Ms PATTEN (Northern Metropolitan) (10:41): I am pleased to rise to speak to Mr Davis’s motion 621. As Mr Davis quite eloquently put, this is a simple documents motion. It is simply suggesting, as the Bret Walker advice to the New South Wales Parliament stated, that this Parliament does have the ability to compel independent organisations or statutory organisations to provide documents to this Parliament. Under our evidence act, under our Parliamentary Committees Act 2003, we see this. In fact, the Legal and Social Issues Committee has used that power a number of times in recent years to compel witnesses and documents to be brought forward to the committee as part of its inquiry process.
So, on the face of it, asking for a report or a review done by a statutory body such as the Victorian Equal Opportunity and Human Rights Commission would seem quite simple and it would seem that Mr Walker’s advice supports that. However, there is one I think very substantial fact that has not been mentioned in the very motion that is on the paper or in Mr Davis’s contribution earlier—that there is a court order on this review. And not just a court order; it is from the Court of Appeal. It is three judges ordering VEOHRC not to publish the review or the report. So we are now asking and we are putting VEOHRC into an extremely difficult position, I would suggest. We are also, I would absolutely suggest, effectively overriding that order—or fighting or arguing to override the order of a Court of Appeal.
Now, Mr Davis says that we are entitled to do that—but does that make it right? And what sort of precedent does that set? Last week Mr O’Donohue and I put up amendments to limit the ability of the government of the day to expand suppression orders or victim privacy orders, and we were very concerned that this was giving the government too much power to make directions to the courts. We were specific about that, and Mr O’Donohue, on behalf of the Liberal Party, and I put up very similar amendments that successfully passed this house. Today we are being asked to overrule a court order, to overrule the Court of Appeal, to do this.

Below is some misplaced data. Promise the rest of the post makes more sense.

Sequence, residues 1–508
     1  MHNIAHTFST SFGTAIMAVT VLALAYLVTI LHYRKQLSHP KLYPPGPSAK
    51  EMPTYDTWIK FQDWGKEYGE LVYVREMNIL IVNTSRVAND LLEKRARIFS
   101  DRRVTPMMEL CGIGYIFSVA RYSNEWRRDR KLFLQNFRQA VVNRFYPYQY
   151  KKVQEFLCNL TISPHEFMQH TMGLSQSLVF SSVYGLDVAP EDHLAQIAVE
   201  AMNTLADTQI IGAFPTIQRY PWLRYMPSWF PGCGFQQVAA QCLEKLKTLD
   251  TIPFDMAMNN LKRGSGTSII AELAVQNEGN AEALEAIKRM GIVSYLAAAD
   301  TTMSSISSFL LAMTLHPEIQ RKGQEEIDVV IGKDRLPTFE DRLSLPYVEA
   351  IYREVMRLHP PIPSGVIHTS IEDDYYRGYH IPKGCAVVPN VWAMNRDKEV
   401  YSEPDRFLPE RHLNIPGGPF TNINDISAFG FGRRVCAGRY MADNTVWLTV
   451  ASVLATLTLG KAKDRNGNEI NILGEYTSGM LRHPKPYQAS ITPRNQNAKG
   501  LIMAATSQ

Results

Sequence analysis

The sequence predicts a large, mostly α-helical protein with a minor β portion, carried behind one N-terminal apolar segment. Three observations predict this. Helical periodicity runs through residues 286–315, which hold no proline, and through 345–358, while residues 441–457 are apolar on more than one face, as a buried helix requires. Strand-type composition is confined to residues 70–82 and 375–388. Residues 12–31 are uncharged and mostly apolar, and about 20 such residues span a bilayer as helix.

Mr Davis says we have every right to do that. I am yet to understand the public interest in doing that. I have great concerns about what sort of precedent this would set. Could a future government override a suppression order, override a victim privacy order because they may suggest that it would be in the interests of the Parliament or in the interests of the government of the day for that information to be made public?
Now, this is a report that was done five years ago. If this motion was serious about achieving equality in our emergency services, well, that would have been an interesting motion to debate: how do we do that? I have a constituent; she is a terrific football player at Fitzroy, and she just got into the fire services. Just last week she was accepted in, and she is extremely excited about this, and I am very pleased to see that. But she will be in the minority. She will be sadly still just one of a handful of female firefighters, and I would support anything that changed that. But to overturn a Court of Appeal decision and put the very treasured institution VEOHRC into a position where they will be in contempt of court or contempt of Parliament—you choose. I choose not to put them into that position.
Today is the International Day of Democracy, and I certainly feel that one of the pillars of our democracy is that clear separation of powers. It is one of the pillars of our democracy, and I feel that this would be an absolutely egregious encroachment upon that separation.
Fiona Patten MP
Leader of Reason
Member for Northern Metropolitan Region
Mr Davis’ motion 15/9/21